Tonight, we give thanks to the countless intelligence and counterterrorism professionals who’ve worked tirelessly to achieve this outcome.  The American people do not see their work, nor know their names.  But tonight, they feel the satisfaction of their work and the result of their pursuit of justice.

We give thanks for the men who carried out this operation, for they exemplify the professionalism, patriotism, and unparalleled courage of those who serve our country.  And they are part of a generation that has borne the heaviest share of the burden since that September day.

Finally, let me say to the families who lost loved ones on 9/11 that we have never forgotten your loss, nor wavered in our commitment to see that we do whatever it takes to prevent another attack on our shores. 

And tonight, let us think back to the sense of unity that prevailed on 9/11.  I know that it has, at times, frayed.  Yet today’s achievement is a testament to the greatness of our country and the determination of the American people. 

The cause of securing our country is not complete.  But tonight, we are once again reminded that America can do whatever we set our mind to.  That is the story of our history, whether it’s the pursuit of prosperity for our people, or the struggle for equality for all our citizens; our commitment to stand up for our values abroad, and our sacrifices to make the world a safer place. 

Let us remember that we can do these things not just because of wealth or power, but because of who we are:  one nation, under God, indivisible, with liberty and justice for all. Thank you.  May God bless you.  And may God bless the United States of America.    ####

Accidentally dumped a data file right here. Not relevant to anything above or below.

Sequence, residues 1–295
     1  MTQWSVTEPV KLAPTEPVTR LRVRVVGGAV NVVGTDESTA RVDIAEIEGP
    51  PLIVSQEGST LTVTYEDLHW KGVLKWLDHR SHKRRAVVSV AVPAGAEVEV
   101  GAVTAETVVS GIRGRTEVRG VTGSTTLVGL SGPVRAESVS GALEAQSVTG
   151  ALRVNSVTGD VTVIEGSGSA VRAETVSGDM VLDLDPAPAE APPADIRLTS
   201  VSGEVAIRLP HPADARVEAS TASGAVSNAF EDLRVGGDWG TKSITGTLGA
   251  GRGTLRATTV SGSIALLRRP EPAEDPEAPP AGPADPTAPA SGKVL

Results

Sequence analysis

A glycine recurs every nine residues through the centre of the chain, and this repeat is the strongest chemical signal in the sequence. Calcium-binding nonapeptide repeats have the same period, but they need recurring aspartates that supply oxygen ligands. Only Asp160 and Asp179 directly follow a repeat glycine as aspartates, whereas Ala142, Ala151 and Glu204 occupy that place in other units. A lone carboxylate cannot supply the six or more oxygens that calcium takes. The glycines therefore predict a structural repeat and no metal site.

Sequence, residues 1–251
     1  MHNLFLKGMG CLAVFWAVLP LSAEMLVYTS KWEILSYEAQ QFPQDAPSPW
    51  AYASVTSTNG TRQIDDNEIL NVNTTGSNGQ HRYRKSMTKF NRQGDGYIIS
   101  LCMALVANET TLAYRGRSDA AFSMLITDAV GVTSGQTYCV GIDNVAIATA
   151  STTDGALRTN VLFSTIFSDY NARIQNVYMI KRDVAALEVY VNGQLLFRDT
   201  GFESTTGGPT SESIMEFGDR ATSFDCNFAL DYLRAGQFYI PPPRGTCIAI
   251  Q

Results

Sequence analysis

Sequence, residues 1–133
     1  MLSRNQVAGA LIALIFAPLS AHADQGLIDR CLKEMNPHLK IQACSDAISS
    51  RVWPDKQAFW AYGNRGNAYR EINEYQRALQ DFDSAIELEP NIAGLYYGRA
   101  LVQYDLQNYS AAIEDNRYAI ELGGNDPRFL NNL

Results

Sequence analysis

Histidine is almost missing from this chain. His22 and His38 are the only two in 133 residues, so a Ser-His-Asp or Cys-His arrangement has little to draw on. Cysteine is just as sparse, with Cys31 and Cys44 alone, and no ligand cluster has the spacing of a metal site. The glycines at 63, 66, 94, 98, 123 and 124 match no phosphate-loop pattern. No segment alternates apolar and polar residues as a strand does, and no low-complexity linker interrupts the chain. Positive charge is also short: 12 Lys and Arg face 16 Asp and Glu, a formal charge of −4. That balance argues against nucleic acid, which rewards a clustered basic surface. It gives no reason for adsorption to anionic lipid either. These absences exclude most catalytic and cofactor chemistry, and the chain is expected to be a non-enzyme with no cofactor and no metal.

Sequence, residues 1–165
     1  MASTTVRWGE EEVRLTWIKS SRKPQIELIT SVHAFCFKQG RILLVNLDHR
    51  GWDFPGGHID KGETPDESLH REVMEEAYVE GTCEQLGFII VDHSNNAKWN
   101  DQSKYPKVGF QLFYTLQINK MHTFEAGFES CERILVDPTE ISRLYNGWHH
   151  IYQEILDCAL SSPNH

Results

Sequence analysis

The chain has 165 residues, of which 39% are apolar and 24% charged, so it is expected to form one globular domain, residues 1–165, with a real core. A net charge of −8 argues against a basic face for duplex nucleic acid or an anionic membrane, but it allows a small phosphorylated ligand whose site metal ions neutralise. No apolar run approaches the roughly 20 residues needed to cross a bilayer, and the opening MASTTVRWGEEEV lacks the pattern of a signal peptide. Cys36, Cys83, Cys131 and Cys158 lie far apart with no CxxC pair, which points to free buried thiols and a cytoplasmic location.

president george w Bush at the scene of the 9-11 attacks in NYC

Statement by President George W. Bush, as provided by his presidential center

Earlier this evening, President Obama called to inform me that American forces killed Osama bin Laden, the leader of the al Qaeda network that attacked America on September 11, 2001. 

I congratulated him and the men and women of our military and intelligence communities who devoted their lives to this mission.  They have our everlasting gratitude. 

This momentous achievement marks a victory for America, for people who seek peace around the world, and for all those who lost loved ones on September 11, 2001. 

The fight against terror goes on, but tonight America has sent an unmistakable message:  No matter how long it takes, justice will be done.    ####

Photos: AFP / Getty Images (FBI poster); Jason Reed / Reuters (Obama enroute to his Osama remarks; Subsequent to initial publication, The Ticket learned this photo was taken during a reenactment of the president's speech for the benefit of non-White House photographers); Osama bin Laden (Al Jazeera); Win McNamee / Reuters (President Bush at the New York City 9-11 attack site).

Comments () | Archives (16)

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Of course this immediately raises questions as to how the US and the coalition will continue its offense in the mid-east, if they will pull out, whether the Taliban will seek mediation and most importantly if the nation can try to put some sort of bitter sweet closure to the affairs that led to Sept 11, 2001 that obliterated for a day a nation’s spirit and resolve.

But to put it simply can one man’s death, re arrange the sordid dichotomies of world affairs or is there someone new that we now ought to be concerned about?